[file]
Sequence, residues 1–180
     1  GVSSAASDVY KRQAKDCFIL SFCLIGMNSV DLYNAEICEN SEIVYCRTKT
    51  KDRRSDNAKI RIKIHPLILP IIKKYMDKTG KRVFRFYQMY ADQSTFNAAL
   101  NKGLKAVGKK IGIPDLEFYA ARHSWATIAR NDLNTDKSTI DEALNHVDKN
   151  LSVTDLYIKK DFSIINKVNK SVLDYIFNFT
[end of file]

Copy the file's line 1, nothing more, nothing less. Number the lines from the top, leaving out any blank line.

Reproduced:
Sequence, residues 1–180